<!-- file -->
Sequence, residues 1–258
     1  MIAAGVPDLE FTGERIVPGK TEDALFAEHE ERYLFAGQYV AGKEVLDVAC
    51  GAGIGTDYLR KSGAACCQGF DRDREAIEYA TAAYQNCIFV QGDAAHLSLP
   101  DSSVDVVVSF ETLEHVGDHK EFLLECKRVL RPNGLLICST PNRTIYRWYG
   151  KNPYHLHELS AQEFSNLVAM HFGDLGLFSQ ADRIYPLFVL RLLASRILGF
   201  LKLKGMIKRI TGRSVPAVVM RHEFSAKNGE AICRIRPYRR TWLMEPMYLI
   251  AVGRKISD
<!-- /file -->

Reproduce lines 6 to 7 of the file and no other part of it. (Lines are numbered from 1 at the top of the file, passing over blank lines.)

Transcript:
   201  LKLKGMIKRI TGRSVPAVVM RHEFSAKNGE AICRIRPYRR TWLMEPMYLI
   251  AVGRKISD